One of the reasons why Twitter's audience has grown so quickly is because its open API has allowed a multitude of applications to be developed to support and enhance the Twitter-universe.
The basis of Twitter's popularity is very simple, elegant, and potentially addictive: send super short messages (maximum 140 characters) to groups of "followers" via web, SMS, or IM and receive the same messages from all of your "friends." Now, TechCrunch reports this morning that "a subtle upcoming change to Twitter's API" will allow for more advanced functionality.
Dave Winer writes that there is "no user-level functionality yet to report," but that he will keep us posted.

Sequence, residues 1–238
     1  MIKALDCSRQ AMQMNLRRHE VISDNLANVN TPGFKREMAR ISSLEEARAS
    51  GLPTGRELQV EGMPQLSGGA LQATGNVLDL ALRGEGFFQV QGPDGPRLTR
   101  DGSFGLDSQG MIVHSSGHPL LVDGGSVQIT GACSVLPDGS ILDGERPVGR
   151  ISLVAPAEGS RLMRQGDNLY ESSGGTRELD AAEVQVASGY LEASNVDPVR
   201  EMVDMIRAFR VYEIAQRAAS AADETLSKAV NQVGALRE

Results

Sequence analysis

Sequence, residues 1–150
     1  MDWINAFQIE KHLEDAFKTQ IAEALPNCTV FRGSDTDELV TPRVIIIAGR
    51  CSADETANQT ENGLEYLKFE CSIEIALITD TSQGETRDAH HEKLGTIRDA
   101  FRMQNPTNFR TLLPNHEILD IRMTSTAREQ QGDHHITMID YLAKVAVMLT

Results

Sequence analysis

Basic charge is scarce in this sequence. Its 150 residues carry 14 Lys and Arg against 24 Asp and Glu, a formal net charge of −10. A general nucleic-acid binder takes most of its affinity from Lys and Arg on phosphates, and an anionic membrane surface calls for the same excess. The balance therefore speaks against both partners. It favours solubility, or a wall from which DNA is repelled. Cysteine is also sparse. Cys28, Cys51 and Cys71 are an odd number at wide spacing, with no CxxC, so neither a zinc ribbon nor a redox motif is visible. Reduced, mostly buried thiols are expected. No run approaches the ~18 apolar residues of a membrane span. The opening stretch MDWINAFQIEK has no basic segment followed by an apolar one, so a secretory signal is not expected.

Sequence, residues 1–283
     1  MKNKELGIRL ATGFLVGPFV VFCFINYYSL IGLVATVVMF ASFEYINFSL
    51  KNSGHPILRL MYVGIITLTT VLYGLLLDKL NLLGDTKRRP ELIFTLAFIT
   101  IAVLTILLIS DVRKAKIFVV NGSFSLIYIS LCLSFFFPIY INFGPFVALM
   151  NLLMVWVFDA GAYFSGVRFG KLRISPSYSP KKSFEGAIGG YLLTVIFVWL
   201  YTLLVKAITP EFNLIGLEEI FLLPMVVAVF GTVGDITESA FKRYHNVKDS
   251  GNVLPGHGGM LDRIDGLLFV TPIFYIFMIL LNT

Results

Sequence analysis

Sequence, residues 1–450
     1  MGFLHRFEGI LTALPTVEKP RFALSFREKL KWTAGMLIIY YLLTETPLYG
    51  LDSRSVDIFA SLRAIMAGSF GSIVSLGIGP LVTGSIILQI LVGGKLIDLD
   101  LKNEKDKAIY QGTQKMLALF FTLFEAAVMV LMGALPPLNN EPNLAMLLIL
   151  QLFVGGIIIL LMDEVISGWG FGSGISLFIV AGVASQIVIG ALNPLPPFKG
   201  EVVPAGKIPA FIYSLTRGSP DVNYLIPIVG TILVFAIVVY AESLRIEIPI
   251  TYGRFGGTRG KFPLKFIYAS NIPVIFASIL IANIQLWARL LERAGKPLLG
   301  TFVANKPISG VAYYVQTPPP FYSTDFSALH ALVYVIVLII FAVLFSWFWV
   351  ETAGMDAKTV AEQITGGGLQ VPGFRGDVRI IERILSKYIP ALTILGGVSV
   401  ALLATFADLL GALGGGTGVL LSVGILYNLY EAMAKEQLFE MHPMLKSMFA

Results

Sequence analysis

The idea will be that you can send a simple "command" message such as "weather" or "score" to a specific "follower" and that profile will generate information in response, i.e. "It's hailing, take cover" or "Your boys are getting smacked by 'Bama," or whatever.
Again, this simple premise may have yet another profound impact on Twitter's penetration. Particularly for the mobile set, Twitter has the potential to become a dominant communications tool, not only for receiving and transmitting idle chatter, but for collecting quick and relevant information as well.
Businesses will build atop this platform. Sports updates, stock quotes, specific news and information queries, restaurant and club reviews, album and record reviews (send the ISBN or UPC code and instantly receive a 1-10 score as voted on by users, let's say): the sky's really the limit, all focused upon short, simple, and fast. That's the killer app.